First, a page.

It’s no secret that I advocate for fitness solutions with real-world applications. I emphasize the importance of the body as a holistic system that demands maintenance and movement in a natural context. There are lots of ways to train the body within these guidelines, but today I’m going to talk about what may be the easiest (and easiest to neglect) way to ensure that your musculoskeletal system stays healthy. I’m talking about posture.
Most of the time, people don’t notice their own posture. You have to call it to their attention. In today’s world, this problem is even more pronounced–we have a whole host of screens and devices that both keep us hunched over, and make us distracted so that we forget to be mindful of our body’s position in space.
The hunched-over, rounded-shoulder “texting position” can lead to what’s called “Upper Crossed Syndrome.” The term was coined by Dr. Vladimir Janda when he noticed many people showing up with certain sets of muscles in the upper-anterior part of the body–like the pecs and upper traps–were actually abnormally shortened, and their counterpart muscle groups in the back were abnormally weak. Obviously, this isn’t what you want if you’re trying to develop a great golf swing. Heck, it’s not what you want if you want to be able to throw a ball, pick up a basket of laundry, or age gracefully either.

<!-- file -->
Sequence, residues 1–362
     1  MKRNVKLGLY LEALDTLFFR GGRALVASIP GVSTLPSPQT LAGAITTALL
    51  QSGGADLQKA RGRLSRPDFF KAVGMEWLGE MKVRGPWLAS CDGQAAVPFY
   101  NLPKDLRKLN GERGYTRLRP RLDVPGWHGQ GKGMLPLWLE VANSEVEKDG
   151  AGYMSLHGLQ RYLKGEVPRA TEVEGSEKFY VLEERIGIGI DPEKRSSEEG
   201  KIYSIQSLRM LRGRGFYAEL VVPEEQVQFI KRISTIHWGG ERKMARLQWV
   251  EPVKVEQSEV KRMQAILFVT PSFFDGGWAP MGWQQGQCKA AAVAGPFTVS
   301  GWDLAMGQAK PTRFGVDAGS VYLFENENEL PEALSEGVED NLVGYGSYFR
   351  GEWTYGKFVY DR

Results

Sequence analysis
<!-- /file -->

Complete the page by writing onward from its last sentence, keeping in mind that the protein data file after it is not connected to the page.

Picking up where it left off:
The best way to prevent upper crossed syndrome is to be mindful of your body. You want to stand confidently, shoulders back, chest out. Click the video link below to check out some more tips on maintaining good posture.
Louise H. of Menands says: “The program is well thought-out and gradually allows for better and more precise performance. I enjoy and look forward to working out every week.” Louise was voted most improved golfer at Wolfert’s Roost.